With a barrel of Canadian oil now cheaper than a pint of beer, producers have begun to shut in production.
Canadian Prime Minister Justin Trudeau's election victory could create more challenges for an energy industry already struggling with low prices and pipeline bottlenecks.
Persistent pipeline construction delays continue to hamper the ability of Canada's oil industry to move oil to market.
Already struggling with a lack of pipeline capacity, Canada’s oil industry hit yet another setback with the recent announcement from Enbridge of delays to its Line 3 replacement project.
While there is a long list of potential factors that could surprise the market in 2019, OPEC+ supply curbs create a tightening baseline that should lead to higher oil prices as the year wears on.
Intractable infrastructure problems caused Canada to miss out on the high prices that characterized much of 2018. A majority of Canadians now believe the lack of pipeline capacity has become a crisis as current supply lines are tapped out, storage facilities are at capacity and Alberta has instituted a production cut.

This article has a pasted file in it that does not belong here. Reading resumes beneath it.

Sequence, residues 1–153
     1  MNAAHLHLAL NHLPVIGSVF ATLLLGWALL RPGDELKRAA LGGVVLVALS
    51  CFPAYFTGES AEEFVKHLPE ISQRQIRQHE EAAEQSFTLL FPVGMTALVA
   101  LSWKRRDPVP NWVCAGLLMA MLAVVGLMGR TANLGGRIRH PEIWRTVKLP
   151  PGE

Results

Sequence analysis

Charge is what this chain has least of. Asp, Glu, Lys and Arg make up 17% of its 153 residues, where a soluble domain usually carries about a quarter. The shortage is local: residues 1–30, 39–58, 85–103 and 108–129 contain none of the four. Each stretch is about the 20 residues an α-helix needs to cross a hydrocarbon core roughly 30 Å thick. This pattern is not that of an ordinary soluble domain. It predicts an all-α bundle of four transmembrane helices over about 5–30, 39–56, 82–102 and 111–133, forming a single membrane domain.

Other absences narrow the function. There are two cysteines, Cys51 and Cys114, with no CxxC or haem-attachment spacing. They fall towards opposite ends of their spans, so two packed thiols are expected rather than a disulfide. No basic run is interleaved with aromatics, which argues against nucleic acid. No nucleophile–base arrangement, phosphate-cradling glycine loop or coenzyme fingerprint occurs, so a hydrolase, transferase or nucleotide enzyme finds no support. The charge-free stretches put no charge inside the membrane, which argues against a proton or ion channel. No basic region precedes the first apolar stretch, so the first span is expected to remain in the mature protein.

The USMCA appears to calm oil industry fears that revisions to NAFTA would endanger investor protections, while Canada and Mexico both have carveouts to avoid vehicle tariffs.
The cancellation of the Trans Mountain Expansion pipeline would significantly hurt Alberta's oil sands producers, which are struggling with midstream constraints and large discounts for their crude.
Upstream investment in new projects in Canada’s oil sands has declined by two-thirds since the oil market downturn in 2014, and there is no guarantee spending will rebound.
Canada's oil market is dealing with transportation constraints while heavy crude producers such as Colombia and Venezuela are seeing output declines and OPEC producers are cutting production.